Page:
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Country Discussion Topics
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Taking down a brick chimney
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Mike    Posted 10-17-2003 at 09:51:52       [Reply]  [Send Email]
My house is about 100 years old. Last March, a ten foot section of my chimney liner collapsed starting about 10 feet down from the top.

Instead of redoing the chimney, I upgraded my furnace from fuel oil to LP and no longer need the chimney.

Question--how do I take the old thing down? I think I need to do that before the wind makes it collapse through my roof.

I assume that it is anchored to the side of the house somehow, but can't really see anything since it is so close.

Any ideas from anyone?

deadcarp    Posted 10-17-2003 at 18:39:21       [Reply]  [No Email]
get yourself a pair of welding gloves, a masonry chisel and setup a metal-lined wood chute across the roof to above your trailer. you probly won't need the chisel much - most masonry loosens when it's wiggled by hand.

sven    Posted 10-17-2003 at 13:45:58       [Reply]  [No Email]
The only safe way is to take it down one brick at a time, from the top. As you work your way down, you will be able to see how it is attached to the house. Chimney brick is usually a soft brick, and not worth much on the secondary market, but someone might want it, and it makes a wonderful driveway filler.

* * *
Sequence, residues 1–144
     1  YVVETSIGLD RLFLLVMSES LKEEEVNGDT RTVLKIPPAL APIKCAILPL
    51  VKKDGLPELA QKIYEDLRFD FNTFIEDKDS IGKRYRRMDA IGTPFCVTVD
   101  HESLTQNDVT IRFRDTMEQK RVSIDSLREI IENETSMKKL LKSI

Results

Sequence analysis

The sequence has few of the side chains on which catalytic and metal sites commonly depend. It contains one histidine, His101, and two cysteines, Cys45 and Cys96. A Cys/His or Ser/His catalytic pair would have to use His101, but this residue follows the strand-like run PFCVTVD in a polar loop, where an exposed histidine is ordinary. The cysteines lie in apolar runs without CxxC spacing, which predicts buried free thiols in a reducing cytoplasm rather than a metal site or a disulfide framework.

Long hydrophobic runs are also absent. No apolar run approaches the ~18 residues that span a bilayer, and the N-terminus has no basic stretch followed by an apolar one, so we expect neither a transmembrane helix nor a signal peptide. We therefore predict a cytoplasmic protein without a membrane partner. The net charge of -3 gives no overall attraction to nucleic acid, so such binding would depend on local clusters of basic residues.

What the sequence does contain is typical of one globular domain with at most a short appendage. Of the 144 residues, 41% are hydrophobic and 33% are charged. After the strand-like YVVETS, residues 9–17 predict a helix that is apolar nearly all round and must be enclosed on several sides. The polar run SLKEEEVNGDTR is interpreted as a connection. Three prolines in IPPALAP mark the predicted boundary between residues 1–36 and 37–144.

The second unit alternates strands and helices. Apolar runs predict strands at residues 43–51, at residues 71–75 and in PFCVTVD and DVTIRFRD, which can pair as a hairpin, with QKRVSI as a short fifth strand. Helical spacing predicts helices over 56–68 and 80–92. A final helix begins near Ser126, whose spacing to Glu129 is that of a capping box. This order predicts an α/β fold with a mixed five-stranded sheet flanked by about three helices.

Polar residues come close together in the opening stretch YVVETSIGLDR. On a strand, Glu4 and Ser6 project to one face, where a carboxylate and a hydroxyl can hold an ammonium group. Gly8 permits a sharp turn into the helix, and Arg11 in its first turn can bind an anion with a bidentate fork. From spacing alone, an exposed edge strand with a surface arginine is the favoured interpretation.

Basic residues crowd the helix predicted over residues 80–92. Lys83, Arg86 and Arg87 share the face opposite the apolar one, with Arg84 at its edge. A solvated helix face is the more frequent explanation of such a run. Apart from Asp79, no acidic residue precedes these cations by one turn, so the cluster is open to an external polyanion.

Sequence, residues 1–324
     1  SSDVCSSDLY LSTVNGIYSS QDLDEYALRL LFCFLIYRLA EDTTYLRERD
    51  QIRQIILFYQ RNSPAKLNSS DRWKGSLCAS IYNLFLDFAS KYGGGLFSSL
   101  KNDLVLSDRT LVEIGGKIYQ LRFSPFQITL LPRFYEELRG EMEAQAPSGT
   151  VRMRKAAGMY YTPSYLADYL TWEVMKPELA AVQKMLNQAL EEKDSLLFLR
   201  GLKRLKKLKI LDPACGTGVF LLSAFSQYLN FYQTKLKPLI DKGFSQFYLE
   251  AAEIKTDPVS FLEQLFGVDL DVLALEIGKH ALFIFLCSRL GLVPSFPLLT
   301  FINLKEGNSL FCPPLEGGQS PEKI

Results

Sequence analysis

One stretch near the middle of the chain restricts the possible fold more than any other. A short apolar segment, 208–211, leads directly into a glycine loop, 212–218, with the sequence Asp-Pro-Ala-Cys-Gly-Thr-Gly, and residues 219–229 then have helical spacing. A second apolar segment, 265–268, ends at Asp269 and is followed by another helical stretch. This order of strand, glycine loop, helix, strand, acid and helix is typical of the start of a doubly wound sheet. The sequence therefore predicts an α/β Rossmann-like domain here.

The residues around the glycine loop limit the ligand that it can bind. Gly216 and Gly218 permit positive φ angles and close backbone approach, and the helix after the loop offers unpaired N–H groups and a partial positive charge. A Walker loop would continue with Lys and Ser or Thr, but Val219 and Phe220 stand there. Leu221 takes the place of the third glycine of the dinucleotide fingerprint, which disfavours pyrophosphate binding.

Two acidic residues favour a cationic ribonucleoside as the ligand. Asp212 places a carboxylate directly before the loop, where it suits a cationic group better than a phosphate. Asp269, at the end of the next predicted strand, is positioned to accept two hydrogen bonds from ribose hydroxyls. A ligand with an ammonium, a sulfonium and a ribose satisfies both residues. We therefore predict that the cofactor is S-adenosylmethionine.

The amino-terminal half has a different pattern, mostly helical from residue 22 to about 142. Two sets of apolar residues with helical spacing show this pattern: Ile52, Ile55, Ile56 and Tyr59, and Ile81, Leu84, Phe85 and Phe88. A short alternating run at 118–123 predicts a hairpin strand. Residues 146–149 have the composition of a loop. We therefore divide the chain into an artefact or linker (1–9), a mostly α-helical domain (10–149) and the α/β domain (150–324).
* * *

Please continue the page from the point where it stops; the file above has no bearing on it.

Vic in Kenefick    Posted 10-17-2003 at 10:26:17       [Reply]  [No Email]
May I suggest that you contact your local area Bricklayers Union Hall. Ask the BA if there are any retired bricklayers in the area that may be willing to come by and give you some suggestions. You may want to take it down one brick at a time as some used brick can resale for up to and over $8 each and some you may have to pay to get rid of. Not to mention the union hall may still have the old geezer that built it still hanging around.....LOL

bill    Posted 10-17-2003 at 11:00:18       [Reply]  [No Email]
I doubt if anybody in the country could afford to have a union bricklayer put up a chimney.

Vic in Kenefick    Posted 10-17-2003 at 13:00:32       [Reply]  [No Email]
Bill that is also why I suggested Retired Bricklayers. Down in this area we have some retired guys that love to do small jobs and are still in good health. They normaly are getting SS and pensions so they do not have to charge as much as say a nonunion contractor would. Also they seem to love to have something to do, sorta gives them some feeling of worth. Also gives them something to talk about with each other at the meetings as it is gotten to the point that retired guys are the only to show up.

Maggie/TX    Posted 10-17-2003 at 12:20:57       [Reply]  [No Email]
Bill, you might be surprised. If there are no union jobs going on right then a lot of out of work union bricklayers will do individual jobs for homeowners, especially if they are neighbors or someone they know from that area. A small job like that would be a contract type instead of one where you deal with all the withholding and tax stuff. They can work them for straight cash or on some kind of barter deal. It happens all the time around here.

Before you do anything...    Posted 10-17-2003 at 10:03:40       [Reply]  [Send Email]
Try selling it on ebay.. You never know what people will want or pay. Besure in your advertisement to point out all the Historical events the structure has, flood and ?????

Let us know how you do.


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